Skip ahead four months. I found myself in the Nike Store returning a piece of technology that was discolored from sweat and no longer working. They gave me a new one immediately and I walked out of the store, syncing my brand new band to my phone before I got to the car.
Four months later I was receiving my second replacement band in the mail. This time it didn’t include the nifty little stand for my desk.
A couple of months after that I was on the phone with Nike telling them this timeline of events. Again, my FuelBand was broken. They gave me a full refund and I put the money into an Up by Jawbone.
My experience with the Jawbone was much quicker. Before the week was over I wasn’t checking the app daily. I was assuming that I hit my goal because I run every day. Isn’t that enough to be healthy? I think so? The Up app wasn’t telling me any different so I must have been right.
Two years, three FuelBands, and three Up bands later I have given up on wearable fitness technology. Again, I am a recreational athlete. Maybe people with the proper knowledge and experience can utilize this technology to the fullest, but I don’t think that’s the majority of us. Data doesn’t mean much when you don’t understand what to do with it, and while accountability is great I suggest a personal trainer or gym buddy over yourself.
June 13, 2014
Do You Even Design, Bro?
There are a lot of designers out there, some of whom are good and some of whom are not. In many cases, determining which is which is a matter of opinion, while other times it’s purely objective. There is one constant factor though: good designers are good for one reason, and that is that they are good at designing things.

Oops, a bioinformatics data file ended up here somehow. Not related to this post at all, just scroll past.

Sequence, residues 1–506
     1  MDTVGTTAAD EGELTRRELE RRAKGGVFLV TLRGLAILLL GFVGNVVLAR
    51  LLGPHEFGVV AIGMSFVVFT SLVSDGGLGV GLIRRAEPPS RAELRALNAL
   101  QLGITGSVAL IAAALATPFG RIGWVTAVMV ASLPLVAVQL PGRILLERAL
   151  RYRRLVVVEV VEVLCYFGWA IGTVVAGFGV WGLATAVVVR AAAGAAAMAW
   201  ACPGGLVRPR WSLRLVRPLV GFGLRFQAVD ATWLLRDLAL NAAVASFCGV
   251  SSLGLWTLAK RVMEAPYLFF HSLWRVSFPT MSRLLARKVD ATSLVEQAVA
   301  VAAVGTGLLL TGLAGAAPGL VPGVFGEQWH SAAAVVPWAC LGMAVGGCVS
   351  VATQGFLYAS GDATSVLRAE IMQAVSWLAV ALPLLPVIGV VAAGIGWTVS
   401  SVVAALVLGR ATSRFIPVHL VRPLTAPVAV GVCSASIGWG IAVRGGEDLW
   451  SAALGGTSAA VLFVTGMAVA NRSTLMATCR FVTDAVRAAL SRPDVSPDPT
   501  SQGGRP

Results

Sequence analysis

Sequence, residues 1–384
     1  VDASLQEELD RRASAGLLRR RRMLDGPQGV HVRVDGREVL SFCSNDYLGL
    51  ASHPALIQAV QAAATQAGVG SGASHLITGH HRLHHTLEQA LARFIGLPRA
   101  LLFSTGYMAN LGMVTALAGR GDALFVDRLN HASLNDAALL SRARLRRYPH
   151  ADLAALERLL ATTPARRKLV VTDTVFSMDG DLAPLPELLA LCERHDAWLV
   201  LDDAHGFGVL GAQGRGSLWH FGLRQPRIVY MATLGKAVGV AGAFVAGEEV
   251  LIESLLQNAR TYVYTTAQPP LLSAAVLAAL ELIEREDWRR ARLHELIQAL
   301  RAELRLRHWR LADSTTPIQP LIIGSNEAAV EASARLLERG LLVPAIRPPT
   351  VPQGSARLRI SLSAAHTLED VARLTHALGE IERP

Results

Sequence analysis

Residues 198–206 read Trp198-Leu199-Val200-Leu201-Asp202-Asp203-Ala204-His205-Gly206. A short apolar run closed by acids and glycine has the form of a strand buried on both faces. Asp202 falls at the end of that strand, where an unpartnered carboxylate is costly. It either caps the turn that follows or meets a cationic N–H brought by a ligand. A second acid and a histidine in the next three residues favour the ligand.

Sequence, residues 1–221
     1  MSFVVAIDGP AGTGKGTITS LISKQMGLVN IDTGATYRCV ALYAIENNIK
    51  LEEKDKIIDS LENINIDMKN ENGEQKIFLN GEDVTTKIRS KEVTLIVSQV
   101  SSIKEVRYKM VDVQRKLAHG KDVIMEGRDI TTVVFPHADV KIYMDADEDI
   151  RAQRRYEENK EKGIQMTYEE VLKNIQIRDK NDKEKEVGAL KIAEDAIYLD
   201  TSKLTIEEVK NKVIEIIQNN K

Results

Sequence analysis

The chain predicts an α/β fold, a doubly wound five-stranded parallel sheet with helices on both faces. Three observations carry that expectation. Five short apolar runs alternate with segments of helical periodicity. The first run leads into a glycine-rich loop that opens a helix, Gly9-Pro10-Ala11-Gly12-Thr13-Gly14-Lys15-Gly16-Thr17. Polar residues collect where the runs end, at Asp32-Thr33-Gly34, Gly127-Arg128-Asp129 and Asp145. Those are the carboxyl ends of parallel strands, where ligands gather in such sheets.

Though it may come to a surprise to some, there are many things that don’t qualify someone as a good designer. These things include a curated Tumblr, your follower count on Dribbble, the “engagement” on your Instagram account, the number of times you mention badge hunting on Twitter, the number of conferences where you have spoken, or the number of pins that come up when you search your own name on Pinterest.
Sure, good designers may have those things, too, but, they are qualified to call themselves ‘good designers’ because they are good at designing things.
We are at a weird place in the design community right now where some people are thought of as great designers because of indicators that have absolutely nothing to do with design. It gives young designers the idea that they need to be spending more time updating their Instagram accounts with #FOUNDTYPE than actually learning how to be better at designing. Playing the part of a good designer has become more alluring than actually being one.
The quest for popularity has shifted our gaze away from what matters. Maybe it’s time to shift the focus back onto design.